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Balsamic vinegar is a thick, sweet-smelling vinegar that is made from pure and unfermented grape juice, which is known as must. Several varieties of grapes can be used to create balsamic vinegar, but the Trebbiano grape, which is native to Modena, Italy, is the most common. Another variety that is commonly used is Lambrusco. Ancellotta and Sauvignon are sometimes used as well. This type of vinegar is often used in cooking, as a salad dressing or as a topping for vegetables.
How it is Made
Vinegar is produced through the oxidation of a fermented liquid. This liquid can include fruit juice, cider, malt and other liquids. In most cases, an acetic acid bacteria — sometimes with cellulose in the form of a slime known as mother of vinegar — is added, which oxidizes the liquid, producing vinegar. Historically, balsamic vinegar was not oxidized but was instead a type of grape juice reduction. Modern versions, however, are most often produced like other types of vinegar.
The process of making balsamic vinegar begins by boiling the grape juice until it becomes a thick syrup. It is then transferred to the wooden barrels to start the aging process. The bacteria is added, which oxidizes the juice and turns it into vinegar. This can take from six months to several years.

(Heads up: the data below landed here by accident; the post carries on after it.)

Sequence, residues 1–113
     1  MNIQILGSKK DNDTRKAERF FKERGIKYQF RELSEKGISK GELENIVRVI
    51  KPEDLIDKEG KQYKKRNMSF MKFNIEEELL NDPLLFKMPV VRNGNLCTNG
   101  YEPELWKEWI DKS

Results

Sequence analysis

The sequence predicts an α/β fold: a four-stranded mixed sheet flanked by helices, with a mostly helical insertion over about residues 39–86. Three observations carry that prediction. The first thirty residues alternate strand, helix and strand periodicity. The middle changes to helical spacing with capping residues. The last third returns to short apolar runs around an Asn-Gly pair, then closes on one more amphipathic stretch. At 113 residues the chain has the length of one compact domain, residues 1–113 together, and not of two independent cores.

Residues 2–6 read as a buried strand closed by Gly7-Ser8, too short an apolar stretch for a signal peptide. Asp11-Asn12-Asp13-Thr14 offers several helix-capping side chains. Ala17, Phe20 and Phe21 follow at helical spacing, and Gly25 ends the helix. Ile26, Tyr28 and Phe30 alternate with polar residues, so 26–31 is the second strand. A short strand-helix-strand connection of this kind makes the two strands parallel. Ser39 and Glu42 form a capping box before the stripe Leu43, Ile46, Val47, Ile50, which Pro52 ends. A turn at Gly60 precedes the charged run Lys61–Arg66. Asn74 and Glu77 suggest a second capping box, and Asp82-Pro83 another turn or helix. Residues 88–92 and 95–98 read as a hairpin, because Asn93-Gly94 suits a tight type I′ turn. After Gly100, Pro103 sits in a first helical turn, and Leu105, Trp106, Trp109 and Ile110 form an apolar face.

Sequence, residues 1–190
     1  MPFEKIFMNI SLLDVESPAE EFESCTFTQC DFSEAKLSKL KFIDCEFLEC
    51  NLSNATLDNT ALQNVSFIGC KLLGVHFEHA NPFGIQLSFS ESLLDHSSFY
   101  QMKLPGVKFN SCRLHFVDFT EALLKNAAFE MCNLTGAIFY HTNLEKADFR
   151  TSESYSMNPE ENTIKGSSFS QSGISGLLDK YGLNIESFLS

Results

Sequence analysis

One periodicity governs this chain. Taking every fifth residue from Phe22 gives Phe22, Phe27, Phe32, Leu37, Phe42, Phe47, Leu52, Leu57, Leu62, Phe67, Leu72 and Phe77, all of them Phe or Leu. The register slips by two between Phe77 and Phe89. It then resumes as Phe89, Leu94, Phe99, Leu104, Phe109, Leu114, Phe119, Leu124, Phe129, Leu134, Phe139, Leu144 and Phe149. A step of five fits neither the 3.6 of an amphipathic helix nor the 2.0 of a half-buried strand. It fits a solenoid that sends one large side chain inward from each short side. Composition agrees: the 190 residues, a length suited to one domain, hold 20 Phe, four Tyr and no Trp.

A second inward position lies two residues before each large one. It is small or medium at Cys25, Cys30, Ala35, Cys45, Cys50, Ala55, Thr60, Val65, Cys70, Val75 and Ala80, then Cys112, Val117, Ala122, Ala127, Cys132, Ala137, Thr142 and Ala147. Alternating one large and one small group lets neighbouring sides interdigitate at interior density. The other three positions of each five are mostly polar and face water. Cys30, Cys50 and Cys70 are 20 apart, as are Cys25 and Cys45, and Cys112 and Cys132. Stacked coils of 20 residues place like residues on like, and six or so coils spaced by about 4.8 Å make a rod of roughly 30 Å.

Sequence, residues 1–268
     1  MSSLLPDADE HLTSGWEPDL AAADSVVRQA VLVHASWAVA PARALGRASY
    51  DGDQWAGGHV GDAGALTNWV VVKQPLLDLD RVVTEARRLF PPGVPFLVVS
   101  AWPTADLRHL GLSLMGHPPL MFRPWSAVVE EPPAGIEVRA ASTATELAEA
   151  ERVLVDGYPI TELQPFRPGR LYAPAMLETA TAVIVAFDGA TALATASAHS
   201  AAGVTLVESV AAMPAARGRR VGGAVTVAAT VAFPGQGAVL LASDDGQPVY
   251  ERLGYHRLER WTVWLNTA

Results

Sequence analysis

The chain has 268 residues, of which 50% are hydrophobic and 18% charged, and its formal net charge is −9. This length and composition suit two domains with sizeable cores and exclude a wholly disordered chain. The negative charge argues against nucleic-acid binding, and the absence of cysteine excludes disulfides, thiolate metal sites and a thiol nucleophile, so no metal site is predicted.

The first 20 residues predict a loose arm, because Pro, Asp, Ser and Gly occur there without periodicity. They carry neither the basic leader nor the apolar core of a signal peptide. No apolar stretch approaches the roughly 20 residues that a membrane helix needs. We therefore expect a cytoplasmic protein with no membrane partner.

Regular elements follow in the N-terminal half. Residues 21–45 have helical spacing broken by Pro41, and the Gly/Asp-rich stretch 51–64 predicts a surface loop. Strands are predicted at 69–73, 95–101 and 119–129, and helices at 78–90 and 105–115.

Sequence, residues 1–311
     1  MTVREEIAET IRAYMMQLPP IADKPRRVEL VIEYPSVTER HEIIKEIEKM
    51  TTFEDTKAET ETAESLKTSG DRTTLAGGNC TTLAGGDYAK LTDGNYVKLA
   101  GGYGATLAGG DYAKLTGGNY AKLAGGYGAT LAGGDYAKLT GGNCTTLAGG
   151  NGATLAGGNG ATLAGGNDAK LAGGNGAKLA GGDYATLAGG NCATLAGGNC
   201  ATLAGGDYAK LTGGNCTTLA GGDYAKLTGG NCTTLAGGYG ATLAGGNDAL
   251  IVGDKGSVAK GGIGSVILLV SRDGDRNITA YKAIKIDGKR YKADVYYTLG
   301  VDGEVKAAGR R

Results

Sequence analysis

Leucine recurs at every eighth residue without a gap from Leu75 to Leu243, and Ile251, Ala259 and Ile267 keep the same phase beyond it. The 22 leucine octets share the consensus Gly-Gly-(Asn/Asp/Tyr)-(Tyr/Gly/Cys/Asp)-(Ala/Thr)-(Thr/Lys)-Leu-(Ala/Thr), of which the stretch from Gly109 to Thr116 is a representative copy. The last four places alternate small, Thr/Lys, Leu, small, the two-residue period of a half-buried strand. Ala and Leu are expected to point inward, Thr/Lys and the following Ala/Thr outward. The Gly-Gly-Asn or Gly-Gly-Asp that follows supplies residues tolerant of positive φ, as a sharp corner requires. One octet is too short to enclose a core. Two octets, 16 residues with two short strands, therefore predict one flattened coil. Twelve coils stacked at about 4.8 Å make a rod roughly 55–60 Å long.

The Aging Process
Most gourmet balsamic vinegar is slowly aged in wooden barrels. Each manufacturer has its own process and formula for aging the vinegar, moving it from one type of wood barrel to another to create its own signature flavor. Some of the more commonly used types of wood from which the barrels are made include ash, cherry, oak, juniper and chestnut. The commercial balsamic vinegars that are sold in the average grocery store probably have been aged for only a few months in stainless steel tanks, and some have not been aged at all.
Balsamic vinegar can be used in cooking or as a tangy salad dressing. This fruity vinegar is often used as a replacement for cooking wines because it provides similar flavoring. It is commonly cooked with chicken or sautéed vegetables. Balsamic vinaigrette dressings might also contain olive oil and seasonings such as basil and garlic. This type of vinegar also can be added to food such as spinach after it has been cooked, thereby creating a unique seasoning.